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ED(4)			 BSD Kernel Interfaces Manual			 ED(4)

     ed	-- ethernet device driver

     device miibus
     device ed0	at isa?	port 0x280 irq 5 iomem 0xd8000

     The ed driver provides support for	8 and 16bit ethernet cards that	are
     based on the National Semiconductor DS8390	and similar NICs manufactured
     by	other companies.

     It	supports all 80x3 series ethernet cards	manufactured by	Western	Digi-
     tal and SMC, the SMC Ultra, the 3Com 3c503, the Novell NE1000/NE2000 and
     compatible	cards, the HP PC Lan+ and the Digital Equipment	EtherWorks
     DE305 card.  ISA, PCI and PC Card devices are supported.

     The ed driver uses	a unique multi-buffering mechanism to achieve high
     transmit performance.  When using 16bit ISA cards,	as high	as 97% of the
     theoretical maximum performance of	the IEEE 802.3 CSMA ethernet is	possi-

     In	addition to the	standard port and IRQ specifications, the ed driver
     also supports a number of flags which can force 8/16bit mode, enable/dis-
     able multi-buffering, and select the default interface type (AUI/BNC, and
     for cards with twisted pair, AUI/10BaseT).

     The flags are a bit field,	and are	summarized as follows:

     0x01    Disable transceiver.  On those cards which	support	it, this flag
	     causes the	transceiver to be disabled and the AUI connection to
	     be	used by	default.

     0x02    Force 8bit	mode.  This flag forces	the card to 8bit mode regard-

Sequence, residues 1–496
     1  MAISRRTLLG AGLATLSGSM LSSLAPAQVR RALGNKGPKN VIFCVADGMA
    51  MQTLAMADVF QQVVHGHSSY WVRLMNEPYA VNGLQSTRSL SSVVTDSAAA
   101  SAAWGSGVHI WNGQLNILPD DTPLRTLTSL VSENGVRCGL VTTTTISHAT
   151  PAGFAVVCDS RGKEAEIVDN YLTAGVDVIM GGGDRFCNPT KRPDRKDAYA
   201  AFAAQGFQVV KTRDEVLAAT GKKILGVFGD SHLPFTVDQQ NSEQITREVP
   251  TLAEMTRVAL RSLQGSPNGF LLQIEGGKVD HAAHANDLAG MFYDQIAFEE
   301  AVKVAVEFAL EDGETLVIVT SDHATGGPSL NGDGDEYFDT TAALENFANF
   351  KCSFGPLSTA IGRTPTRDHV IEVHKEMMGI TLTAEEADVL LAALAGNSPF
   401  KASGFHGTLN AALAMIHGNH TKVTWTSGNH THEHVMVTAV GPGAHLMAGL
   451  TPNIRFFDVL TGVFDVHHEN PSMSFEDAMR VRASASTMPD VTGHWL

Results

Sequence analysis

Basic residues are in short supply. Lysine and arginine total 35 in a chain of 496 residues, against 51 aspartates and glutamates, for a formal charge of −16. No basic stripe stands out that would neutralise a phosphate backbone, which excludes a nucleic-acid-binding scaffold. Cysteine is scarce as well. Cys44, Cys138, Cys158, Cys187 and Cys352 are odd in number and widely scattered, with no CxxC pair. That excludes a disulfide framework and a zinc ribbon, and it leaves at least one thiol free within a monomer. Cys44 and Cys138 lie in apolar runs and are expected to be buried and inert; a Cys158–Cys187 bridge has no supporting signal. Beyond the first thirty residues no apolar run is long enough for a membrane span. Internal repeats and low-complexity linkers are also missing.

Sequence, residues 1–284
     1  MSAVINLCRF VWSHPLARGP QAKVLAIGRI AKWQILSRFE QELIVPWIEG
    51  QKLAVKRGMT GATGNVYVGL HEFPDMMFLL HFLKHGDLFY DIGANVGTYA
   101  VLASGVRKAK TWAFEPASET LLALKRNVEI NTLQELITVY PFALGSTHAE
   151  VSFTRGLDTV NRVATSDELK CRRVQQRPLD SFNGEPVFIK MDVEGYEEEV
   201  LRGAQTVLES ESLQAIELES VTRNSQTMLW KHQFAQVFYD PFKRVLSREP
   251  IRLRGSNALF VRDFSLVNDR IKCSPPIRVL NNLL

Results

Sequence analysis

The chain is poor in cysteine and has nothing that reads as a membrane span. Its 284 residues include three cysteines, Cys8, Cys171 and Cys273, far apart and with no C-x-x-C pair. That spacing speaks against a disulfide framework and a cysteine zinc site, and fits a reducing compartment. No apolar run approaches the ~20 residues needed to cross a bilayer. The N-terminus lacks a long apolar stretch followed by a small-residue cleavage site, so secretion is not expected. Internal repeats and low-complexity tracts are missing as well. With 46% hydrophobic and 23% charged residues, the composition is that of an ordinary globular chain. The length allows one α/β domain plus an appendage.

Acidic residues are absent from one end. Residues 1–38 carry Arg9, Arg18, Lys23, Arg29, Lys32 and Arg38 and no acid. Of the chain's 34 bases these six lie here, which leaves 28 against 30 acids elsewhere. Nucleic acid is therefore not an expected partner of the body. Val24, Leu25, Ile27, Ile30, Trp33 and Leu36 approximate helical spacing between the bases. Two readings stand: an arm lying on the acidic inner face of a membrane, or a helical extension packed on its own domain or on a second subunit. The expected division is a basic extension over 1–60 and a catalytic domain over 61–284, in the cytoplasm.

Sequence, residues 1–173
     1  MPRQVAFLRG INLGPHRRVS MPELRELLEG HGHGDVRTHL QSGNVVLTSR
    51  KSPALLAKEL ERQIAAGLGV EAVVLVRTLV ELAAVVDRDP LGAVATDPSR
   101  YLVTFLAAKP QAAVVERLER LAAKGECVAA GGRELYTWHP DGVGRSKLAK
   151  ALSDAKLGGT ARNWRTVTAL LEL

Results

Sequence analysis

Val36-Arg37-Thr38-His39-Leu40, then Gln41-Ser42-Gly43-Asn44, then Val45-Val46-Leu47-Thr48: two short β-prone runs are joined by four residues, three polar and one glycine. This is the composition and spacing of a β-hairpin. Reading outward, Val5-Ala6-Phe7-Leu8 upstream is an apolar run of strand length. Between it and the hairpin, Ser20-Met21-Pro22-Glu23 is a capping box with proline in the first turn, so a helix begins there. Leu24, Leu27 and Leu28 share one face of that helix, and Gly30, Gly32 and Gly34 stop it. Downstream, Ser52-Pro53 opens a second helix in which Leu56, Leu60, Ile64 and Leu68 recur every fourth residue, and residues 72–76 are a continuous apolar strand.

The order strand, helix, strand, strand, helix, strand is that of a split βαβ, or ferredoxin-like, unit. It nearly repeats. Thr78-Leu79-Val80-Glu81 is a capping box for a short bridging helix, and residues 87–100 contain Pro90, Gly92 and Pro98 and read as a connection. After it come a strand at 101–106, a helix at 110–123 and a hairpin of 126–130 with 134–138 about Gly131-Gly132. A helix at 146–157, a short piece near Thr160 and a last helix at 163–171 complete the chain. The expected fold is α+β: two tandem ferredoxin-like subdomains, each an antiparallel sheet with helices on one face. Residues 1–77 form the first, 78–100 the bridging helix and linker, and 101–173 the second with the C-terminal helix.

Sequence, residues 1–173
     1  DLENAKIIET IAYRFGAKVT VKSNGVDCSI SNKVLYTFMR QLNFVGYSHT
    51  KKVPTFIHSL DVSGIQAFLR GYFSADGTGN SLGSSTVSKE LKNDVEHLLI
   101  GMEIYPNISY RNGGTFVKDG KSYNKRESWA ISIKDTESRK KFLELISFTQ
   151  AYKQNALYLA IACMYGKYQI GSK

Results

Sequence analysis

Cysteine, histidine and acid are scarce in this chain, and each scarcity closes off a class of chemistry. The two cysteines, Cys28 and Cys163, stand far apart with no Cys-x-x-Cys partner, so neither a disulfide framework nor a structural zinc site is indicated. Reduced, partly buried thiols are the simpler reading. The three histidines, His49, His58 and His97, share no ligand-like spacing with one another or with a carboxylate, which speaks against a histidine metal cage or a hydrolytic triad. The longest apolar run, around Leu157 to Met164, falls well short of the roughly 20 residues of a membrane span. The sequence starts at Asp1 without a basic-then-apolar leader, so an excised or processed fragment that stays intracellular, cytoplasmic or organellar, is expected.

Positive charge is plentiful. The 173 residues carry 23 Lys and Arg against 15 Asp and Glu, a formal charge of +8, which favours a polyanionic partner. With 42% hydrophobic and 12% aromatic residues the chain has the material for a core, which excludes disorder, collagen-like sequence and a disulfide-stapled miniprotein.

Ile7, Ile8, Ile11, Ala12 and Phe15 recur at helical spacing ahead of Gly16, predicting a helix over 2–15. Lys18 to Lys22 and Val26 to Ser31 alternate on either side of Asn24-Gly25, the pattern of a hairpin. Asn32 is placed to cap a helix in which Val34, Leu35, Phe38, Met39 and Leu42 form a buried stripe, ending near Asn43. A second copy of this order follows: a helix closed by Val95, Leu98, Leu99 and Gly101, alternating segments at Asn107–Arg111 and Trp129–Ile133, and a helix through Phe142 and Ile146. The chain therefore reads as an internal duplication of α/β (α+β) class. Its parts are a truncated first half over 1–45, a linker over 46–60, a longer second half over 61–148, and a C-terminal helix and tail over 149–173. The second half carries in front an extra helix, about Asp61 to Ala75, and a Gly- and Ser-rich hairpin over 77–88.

less of how the card identifies itself.  This may be needed for
	     some clones which incorrectly identify themselves as 16bit, even
	     though they only have an 8bit interface.

     0x04    Force 16bit mode.	This flag forces the card to 16bit mode	re-
	     gardless of how the card identifies itself.  This may be needed
	     for some clones which incorrectly identify	themselves as 8bit,
	     even though they have a 16bit ISA interface.

     0x08    Disable transmitter multi-buffering.  This	flag disables the use
	     of	multiple transmit buffers and may be necessary in rare cases
	     where packets are sent out	faster than a machine on the other end
	     can handle	(as evidenced by severe	packet lossage).  Some
	     (non-FreeBSD :-)) machines	have terrible ethernet performance and
	     simply can't cope with 1100K+ data	rates.	Use of this flag also
	     provides one more packet worth of receiver	buffering, and on 8bit
	     cards, this may help reduce receiver lossage.

     When using	a 3c503	card, the AUI connection may be	selected by specifying
     the link2 option to ifconfig(8) (BNC is the default).

     ed%d: kernel configured irq %d doesn't match board	configured irq %d.
     The IRQ number that was specified in the kernel config file (and then
     compiled into the kernel) differs from the	IRQ that has been set on the
     interface card.

     ed%d: failed to clear shared memory at %x - check configuration.  When
     the card was probed at system boot	time, the ed driver found that it
     could not clear the card's	shared memory.	This is	most commonly caused
     by	a BIOS extension ROM being configured in the same address space	as the
     ethernet card's shared memory.  Either find the offending card and	change
     its BIOS ROM to be	at an address that doesn't conflict, or	change the
     iomem option in the kernel	config file so that the	card's shared memory